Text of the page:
I had never been to see them before and when I told Jimmy Page that I had never seen Led Zepplin he gave me a back stage pass for their upcoming show. Back stage passes are strange things – kind of a mixed blessing. Everybody wants a backstage pass because you can get close to the band. But they can present kind of a weird problem as you can’t really see the band from backstage, and, a backstage pass is just a backstage pass – it doesn’t reserve you a seat out front. For instance, once I went to see David Bowie and I had a back stage pass for his show. I stepped out front for a minute to really see the show, where I was standing next to some seats. A security guy, who looked like a giant version of Charlie Manson, came up to me and said, “You can’t stand there. Do you have a ticket?” I said, rather proudly, “Yes, I have a back stage pass.” And he said, “Then get back stage!” So, I did, and that’s another story.
John didn’t ride in a limo. He had a beautiful, bright red, sports coupe – a Mercedes convertible. John Paul Jones was, and is, incredibly talented. He is the bass player but also plays the keyboards and synths. One thing that John wanted along with every other piano player in the musical world was an electric piano that really sounded like a real acoustic piano, without weighing a ton. In other words, he wanted a “portable grand piano. All of the music companies were trying to make one. Yamaha came up with the first one. It sounded like a real piano because it was a real piano with real strings, and, amplified. It also came apart so that there were two pieces to move, which is what made it “portable.” But, both pieces were actually very heavy. It was portable if you were a gorilla.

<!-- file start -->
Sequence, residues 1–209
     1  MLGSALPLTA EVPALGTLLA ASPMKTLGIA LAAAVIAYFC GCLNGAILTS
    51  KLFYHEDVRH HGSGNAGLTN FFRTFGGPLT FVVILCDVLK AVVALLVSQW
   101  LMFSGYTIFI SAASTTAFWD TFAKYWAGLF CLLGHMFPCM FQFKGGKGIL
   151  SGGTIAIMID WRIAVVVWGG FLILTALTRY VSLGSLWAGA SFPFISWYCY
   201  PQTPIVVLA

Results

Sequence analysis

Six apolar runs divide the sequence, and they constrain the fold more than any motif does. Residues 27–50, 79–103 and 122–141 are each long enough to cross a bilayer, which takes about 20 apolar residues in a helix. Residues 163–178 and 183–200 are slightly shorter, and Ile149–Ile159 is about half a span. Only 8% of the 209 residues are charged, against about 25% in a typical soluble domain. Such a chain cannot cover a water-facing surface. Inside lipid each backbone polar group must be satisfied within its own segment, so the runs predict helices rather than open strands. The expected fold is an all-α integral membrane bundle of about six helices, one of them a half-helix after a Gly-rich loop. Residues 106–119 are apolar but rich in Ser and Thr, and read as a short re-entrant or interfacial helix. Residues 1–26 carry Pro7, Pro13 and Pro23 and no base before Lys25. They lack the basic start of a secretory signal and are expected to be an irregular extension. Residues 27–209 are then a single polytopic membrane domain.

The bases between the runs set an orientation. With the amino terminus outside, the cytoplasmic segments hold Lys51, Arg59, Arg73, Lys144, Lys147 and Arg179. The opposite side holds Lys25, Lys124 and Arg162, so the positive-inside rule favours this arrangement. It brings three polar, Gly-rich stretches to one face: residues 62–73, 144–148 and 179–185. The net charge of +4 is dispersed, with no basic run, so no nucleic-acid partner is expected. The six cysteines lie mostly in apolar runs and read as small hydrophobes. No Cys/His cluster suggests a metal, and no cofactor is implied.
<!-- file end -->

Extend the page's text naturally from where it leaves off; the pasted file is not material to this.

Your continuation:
Roland was one of the first companies that tried to perfect the actual sound of an acoustic piano in an electric, portable keyboard. They also tried to perfect the feel of a piano. I mean real pianos have wooden or ivory, heavy keys and the harder you hit the key the louder the piano sounds. This is called “touch sensitivity”, which is something that piano players wanted in an electronic keyboard.
Well, Roland which was made in Japan came out with the first electronic piano that was touch sensitive. John asked me to set up a time to go to the factory in LA and play it. We were both very curious. We drove down to the warehouse in John’s red Mercedes and were led to a room with all the Japanese engineers and the president of Roland/USA. This was a big deal…if John Paul Jones liked the piano and used it on stage with Led Zeppelin the advertising would be worth millions. There were two pianos in the room. John sat at one piano and I sat at the other. We started playing and they absolutely SUCKED…the sound was too electronic and they felt too plastic. It was embarrassing but we made a fast get away, thanking and bowing all the way out to our car.
It took several more years to come out with an electronic piano that sounded acoustic. It happened after they invented sampling sounds.
PS: A funny thing happened in my keyboard room at the Guitar Center. Jimmy Page came into my room to say good-bye. They were going on a tour. We had spent many all-nighters together in Hollywood and driving around in his limo. I had a picture of Woodsy Owl on my wall and Jimmy asked me why I had that picture on the wall. I told him that I did the “Woodsy” song. He told me that his young daughter loved the song and the cartoon and would I sign a Woodsy picture. It just so happened that I had about 10,000 pictures of Woodsy so I said, “Sure, if you sign a piece of paper for me.” We exchanged signatures and I didn’t see Jimmy again until abut eight years later when we met up again in Sydney, Australia. He was truly a wonderfully talented genius and really a nice person. I’m lucky to have met him and John Paul Jones.